• Could one do an album with studio-recorded adaptations of actual Harveytoons (Paramount cartoons) much like the TV Terrytoon Cartoon Time? Did one ever exist?

  • I remember a Mighty Mouse LP from Peter Pan Records in the late 1970’s or early 80’s; it actually used the original cartoon soundtracks with Phil Scheib’s music, but added additional narration on top of the original narration and mixed the music track way down.
    Presumably, “minus tracks” existed at one time for all but the earliest Terrytoons, but who knows if anything still exists now? (I visualize them stowed away in some vast warehouse of the Viacom/Paramount/CBS empire, looking like a scene from “Raiders” or “Citizen Kane.”)
    …Wouldn’t Phil Scheib be an interesting project for a group like the Beau Hunks Orchestra to try?

    • You’re correct about the Peter Pan Record. There were 2 Peter Pan Mighty Mouse albums. One was “The Adventures of Mighty Mouse” (8200), another non-soundtrack with 6 stories told by Tom Morrison. The other is the one you’re referring to — “The NEW Adventures of Mighty Mouse” (1118). This one was odd because it contained six narrated soundtracks (like “The Jonestown Flood”), but the cover art was from the then-current Filmation series on CBS.

  • “Maybe RCA thought consumers of that day simply expected to see “stereo” on record jackets whether or not they really were.”

    The extra dollar they usually charged for the stereo version surely didn’t hurt either.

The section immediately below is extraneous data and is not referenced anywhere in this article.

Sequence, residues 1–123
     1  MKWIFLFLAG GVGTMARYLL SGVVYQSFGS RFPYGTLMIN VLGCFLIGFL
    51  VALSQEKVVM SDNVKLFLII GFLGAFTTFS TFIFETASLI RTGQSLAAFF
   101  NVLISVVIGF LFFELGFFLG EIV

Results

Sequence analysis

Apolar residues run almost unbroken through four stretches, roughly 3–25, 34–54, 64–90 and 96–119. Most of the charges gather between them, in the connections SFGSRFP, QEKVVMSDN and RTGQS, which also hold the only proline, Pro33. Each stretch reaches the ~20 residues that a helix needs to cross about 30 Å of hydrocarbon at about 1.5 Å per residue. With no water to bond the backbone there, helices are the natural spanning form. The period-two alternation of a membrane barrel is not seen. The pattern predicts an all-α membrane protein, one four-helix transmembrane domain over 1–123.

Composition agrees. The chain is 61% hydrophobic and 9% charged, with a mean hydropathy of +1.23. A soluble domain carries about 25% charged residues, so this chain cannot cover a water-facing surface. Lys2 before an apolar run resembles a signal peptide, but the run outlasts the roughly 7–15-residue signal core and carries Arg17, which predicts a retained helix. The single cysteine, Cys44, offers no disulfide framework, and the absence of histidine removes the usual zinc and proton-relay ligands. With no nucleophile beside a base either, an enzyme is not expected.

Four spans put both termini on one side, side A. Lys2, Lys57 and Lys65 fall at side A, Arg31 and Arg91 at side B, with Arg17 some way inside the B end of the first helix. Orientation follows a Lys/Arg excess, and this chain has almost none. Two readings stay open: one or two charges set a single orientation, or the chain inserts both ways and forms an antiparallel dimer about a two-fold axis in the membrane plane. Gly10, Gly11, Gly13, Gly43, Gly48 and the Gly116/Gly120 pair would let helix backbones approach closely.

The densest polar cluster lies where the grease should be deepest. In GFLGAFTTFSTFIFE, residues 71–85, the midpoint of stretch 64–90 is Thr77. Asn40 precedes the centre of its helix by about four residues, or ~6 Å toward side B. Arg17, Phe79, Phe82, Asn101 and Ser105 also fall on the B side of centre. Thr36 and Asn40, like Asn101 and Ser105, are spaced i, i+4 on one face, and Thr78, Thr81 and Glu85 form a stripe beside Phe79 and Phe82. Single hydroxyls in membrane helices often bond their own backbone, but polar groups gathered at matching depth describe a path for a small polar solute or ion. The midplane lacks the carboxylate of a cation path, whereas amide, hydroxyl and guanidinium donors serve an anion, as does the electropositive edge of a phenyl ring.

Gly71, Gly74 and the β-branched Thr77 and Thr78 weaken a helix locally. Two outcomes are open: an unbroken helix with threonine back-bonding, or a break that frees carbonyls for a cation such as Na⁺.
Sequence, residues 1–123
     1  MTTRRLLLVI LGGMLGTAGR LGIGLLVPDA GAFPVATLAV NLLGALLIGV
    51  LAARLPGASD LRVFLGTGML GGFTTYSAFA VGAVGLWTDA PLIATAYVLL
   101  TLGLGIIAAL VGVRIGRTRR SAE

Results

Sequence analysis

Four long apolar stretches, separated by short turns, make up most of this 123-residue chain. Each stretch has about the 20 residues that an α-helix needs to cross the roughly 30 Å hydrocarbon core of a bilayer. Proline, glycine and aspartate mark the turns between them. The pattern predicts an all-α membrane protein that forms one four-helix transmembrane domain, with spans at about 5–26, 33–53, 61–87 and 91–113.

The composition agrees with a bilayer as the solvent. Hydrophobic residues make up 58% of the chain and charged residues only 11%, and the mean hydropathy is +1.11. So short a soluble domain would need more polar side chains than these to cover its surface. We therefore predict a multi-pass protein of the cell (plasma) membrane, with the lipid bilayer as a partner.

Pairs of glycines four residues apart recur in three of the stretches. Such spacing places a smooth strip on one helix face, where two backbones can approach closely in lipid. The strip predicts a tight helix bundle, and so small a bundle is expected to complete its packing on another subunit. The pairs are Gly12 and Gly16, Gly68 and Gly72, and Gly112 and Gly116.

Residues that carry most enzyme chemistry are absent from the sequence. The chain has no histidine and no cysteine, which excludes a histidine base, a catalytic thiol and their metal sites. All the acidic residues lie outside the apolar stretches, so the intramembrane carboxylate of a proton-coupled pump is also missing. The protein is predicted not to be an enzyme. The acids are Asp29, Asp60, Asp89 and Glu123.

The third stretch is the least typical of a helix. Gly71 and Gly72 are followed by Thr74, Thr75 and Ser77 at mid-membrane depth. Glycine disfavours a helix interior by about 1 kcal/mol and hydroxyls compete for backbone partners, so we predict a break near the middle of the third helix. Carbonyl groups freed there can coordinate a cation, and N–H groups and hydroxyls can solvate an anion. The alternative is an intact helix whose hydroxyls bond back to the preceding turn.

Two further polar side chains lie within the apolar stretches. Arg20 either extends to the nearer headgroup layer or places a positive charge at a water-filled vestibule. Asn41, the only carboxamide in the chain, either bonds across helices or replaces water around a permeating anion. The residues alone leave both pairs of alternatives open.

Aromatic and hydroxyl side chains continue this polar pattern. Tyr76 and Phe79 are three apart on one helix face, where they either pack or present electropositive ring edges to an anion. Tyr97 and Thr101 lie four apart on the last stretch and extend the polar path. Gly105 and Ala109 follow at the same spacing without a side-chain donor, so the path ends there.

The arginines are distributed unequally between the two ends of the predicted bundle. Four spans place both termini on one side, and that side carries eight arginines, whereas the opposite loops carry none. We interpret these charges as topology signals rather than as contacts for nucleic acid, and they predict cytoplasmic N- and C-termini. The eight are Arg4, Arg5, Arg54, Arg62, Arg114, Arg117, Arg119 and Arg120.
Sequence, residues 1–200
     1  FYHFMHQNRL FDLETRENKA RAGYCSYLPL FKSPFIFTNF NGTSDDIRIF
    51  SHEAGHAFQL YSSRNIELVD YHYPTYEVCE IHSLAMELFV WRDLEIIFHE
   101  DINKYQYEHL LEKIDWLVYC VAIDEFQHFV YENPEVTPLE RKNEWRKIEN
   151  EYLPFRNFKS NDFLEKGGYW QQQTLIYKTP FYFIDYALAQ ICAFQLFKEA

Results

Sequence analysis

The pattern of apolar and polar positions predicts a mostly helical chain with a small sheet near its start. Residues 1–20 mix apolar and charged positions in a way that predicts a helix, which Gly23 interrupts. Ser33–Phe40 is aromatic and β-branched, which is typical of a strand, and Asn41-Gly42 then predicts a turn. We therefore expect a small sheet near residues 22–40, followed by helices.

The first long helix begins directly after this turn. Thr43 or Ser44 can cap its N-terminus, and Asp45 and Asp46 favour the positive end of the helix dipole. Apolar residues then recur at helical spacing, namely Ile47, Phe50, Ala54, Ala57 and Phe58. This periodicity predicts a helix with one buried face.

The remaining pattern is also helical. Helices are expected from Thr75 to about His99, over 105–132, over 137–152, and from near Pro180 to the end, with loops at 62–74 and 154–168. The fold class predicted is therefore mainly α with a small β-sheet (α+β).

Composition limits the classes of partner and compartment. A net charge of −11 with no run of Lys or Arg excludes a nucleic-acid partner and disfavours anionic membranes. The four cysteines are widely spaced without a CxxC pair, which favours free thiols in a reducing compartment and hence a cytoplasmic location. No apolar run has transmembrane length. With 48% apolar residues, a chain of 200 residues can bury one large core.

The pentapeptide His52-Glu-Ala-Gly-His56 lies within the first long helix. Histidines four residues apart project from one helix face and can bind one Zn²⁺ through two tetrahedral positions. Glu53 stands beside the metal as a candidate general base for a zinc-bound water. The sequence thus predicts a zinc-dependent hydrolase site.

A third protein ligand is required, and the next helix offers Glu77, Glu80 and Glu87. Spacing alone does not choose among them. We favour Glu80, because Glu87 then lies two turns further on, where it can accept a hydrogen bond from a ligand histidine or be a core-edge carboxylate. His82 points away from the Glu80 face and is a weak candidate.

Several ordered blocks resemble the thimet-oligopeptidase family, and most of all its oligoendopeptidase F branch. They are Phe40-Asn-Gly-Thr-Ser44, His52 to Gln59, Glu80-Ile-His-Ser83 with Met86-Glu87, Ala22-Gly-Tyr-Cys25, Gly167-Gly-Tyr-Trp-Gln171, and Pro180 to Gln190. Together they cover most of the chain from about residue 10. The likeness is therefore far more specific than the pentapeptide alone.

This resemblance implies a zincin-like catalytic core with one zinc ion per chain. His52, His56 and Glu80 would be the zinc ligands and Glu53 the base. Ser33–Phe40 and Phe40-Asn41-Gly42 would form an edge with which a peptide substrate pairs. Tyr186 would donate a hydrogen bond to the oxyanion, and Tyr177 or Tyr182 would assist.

• In the late 60’s, Warner Bros. Records sold off their inventory of monaural LPS for peanuts, to a promoter who printed stickers to be attached to the shrink-wrap on each album, which read “Playable on STEREO Phonographs!”

      Of course, that’s not a false claim, as they certainly were; but it did tend to leave the wrong impression.

  • For some reason, “Send Your Elephant to Camp” seem to be funnier than the last time I saw it.

  • 2/18/15 Wrote:
    Interesting that RCA didn’t mention the fine print “Stereo-Electronically Reprocessed” like they did on many of their fake stereo albums throughout the 1960’s (ask any Elvis fan for bad memories of that monstrosity known as “electronic stereo”), they just printed “Stereo” as if kids aged before 10 didn’t know any difference. Of course their parents would have settled for mono in 1963 just to save that extra dollar. At your average Kresge’s or Woolworth’s store in 1963,it would be (at least 99 cents to $1.99 for mono, or S2.99 for Stereo, or if you waited until the album was out of print in the late 60’s, you could have gotten this as a cut-out ranging from 49 Cents-$1.00.) The album was out of print at least by 1968. The “Stereo-Action” panning (an RCA term actually used from 1961-63 wasn’t worth the effort.

    • Actually, RCA Victor’s “Stereo Action” had nothing to do with the pan-and-echo of “reprocessed stereo.” “Stereo Action” was a series of LPS of what would now be called space-age lounge music; recorded with gimmicky engineering that sent whole sections of orchestras sliding across the room from the left to right speaker and back again. The records came in jackets made of HEAVY! mat board with abstract-shaped cover cutouts designed to reveal graphics printed on the inner sleeves.

      The ultimate example of this stereo silliness was probably Esquivel’s “Latin-Esque,” which, to achieve perfect stereophonic separation, placed half the orchestra in one studio and the rest in another, with Esquivel and Stanley Wilson (of Revue TV) conducting the two groups linked by walkie-talkie headsets! (Cartoon composer Dean Elliott did something similar at Capitol, called “Heartstrings,” only he conducted both studios himself via a closed-circuit TV hookup!)

    • I have one of those “Stereo Action” LP’s, and loved playing that over and over!

  • 2/21/15 Wrote: